Q: What was working with John Nicks like? 

A: Mr. Nicks was the boss and it was and still is about RESPECT, that's all.

Q: You battled addiction and won. What kind of advice would give someone fighting addiction? 

A: Well, I haven't won my battle. For me it's not a day at a time, it's one second at a time. I choose to share my recovery with everyone - this works best for me. I have no secrets and I like it that way. It's been well documented from the cover story for People magazine to a made for television movie for NBC back in '90. It comes up in every interview i do and it's a huge part of my story. I have learned to embrace it. I recently worked with a very well known musician and he knew about my recovery. His advice to me is now a permanent chip in my brain. He told me to "take care of my sobriety because it is very fragile". Oh, how I love that! And yes, I have incorporated this in a poem. My advice to anyone dealing with addiction is really not advice but just know you are not alone and there is so much help out there if you want it. It's about the honesty!

Photograph of World Figure Skating Champion Tai Babilonia

Q: What are your thoughts on U.S. skating today? How have things changed since you competed? 

A: By now, most of my friends know my thoughts about where our sport is. It's not positive and believe me, I have tried to find the positive. I can't find it. My fear right this second is for the little skater kids coming up. I honestly see no future for them and that makes me so sad - really sad and mad. Don't get me started because this interview will probably end up being ten pages long! I see a corruptness in skating and no one is saying or doing anything about it. i don't have the power to fix it but as you know, I use my voice as much as I can. I am just trying to help but the egos of some people in U.S. Figure Skating I think take it as a threat. To 'them', I am the past and my opinion does not matter or count anymore. I so appreciate that Randy and I were part of figure skating when it was cool. It seems very uncool now.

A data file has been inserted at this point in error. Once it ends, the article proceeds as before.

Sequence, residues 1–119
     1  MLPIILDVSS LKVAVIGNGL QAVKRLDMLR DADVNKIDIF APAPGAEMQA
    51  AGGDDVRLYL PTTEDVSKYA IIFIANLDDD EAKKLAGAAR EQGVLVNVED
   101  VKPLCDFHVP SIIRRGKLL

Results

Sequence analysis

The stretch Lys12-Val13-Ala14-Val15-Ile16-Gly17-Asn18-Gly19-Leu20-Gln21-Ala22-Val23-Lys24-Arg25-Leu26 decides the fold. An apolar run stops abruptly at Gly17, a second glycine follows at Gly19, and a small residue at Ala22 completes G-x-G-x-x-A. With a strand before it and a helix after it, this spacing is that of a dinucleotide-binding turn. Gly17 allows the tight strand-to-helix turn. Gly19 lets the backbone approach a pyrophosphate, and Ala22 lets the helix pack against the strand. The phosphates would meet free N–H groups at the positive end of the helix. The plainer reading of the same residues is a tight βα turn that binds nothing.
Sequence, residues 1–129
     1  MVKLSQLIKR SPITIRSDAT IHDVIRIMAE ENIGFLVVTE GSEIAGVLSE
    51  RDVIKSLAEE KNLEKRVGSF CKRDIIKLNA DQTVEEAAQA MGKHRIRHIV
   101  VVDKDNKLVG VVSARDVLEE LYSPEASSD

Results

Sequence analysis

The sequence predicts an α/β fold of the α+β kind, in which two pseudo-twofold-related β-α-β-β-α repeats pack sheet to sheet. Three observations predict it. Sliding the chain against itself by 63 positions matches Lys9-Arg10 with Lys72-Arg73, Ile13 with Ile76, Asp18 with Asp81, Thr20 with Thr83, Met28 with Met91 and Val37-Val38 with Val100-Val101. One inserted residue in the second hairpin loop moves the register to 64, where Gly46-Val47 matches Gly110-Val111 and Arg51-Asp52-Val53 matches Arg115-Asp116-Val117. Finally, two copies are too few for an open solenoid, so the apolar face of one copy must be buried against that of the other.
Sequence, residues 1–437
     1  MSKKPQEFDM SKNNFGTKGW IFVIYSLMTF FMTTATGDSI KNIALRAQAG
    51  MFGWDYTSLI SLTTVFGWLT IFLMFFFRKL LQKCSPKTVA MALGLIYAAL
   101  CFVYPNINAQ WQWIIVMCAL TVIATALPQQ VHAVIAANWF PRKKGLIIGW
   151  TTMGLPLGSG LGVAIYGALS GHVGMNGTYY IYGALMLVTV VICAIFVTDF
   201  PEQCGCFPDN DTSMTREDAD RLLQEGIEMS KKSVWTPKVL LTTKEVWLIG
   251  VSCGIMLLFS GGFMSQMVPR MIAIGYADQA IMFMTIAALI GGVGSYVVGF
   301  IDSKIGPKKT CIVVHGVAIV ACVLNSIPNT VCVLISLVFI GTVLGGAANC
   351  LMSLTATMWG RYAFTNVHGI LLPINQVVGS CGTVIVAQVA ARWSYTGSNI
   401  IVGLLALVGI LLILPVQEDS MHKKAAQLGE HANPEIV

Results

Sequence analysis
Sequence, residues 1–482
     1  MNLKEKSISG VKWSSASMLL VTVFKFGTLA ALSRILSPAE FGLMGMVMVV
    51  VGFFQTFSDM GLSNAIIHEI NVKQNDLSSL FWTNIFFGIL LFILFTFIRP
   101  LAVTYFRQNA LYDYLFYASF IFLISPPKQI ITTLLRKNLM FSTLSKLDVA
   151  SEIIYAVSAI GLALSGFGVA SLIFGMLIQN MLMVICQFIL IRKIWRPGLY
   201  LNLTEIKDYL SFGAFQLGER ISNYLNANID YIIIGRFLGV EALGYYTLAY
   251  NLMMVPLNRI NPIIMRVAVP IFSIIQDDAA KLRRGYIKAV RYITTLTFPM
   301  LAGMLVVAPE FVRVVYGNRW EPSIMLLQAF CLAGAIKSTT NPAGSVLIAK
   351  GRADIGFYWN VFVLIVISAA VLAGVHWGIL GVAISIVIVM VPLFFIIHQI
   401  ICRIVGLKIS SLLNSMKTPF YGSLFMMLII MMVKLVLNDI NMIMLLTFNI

Q: What kinds of projects are you involved in these days? Do you and Randy still skate together? 

A: My biggest project right now is my book. I just finished working with my ghost writer and now the proposal is being written. It's pretty powerful and I went deep with this one. Once again it's about the honesty. My son Scout has said he would love to write the forward and I can't think of a better person to write it. I hid nothing from him and he is my biggest supporter and cheerleader. I think if there is a project that is really creative and not very time consuming, Randy and I would absolutely do something together, never say never. We will be hosting a fundraiser here at home in Los Angeles called "An Evening On Ice" in July for Tricia and Nick LaRoche. We are really looking forward to this one. For more information on "An Evening On Ice" visit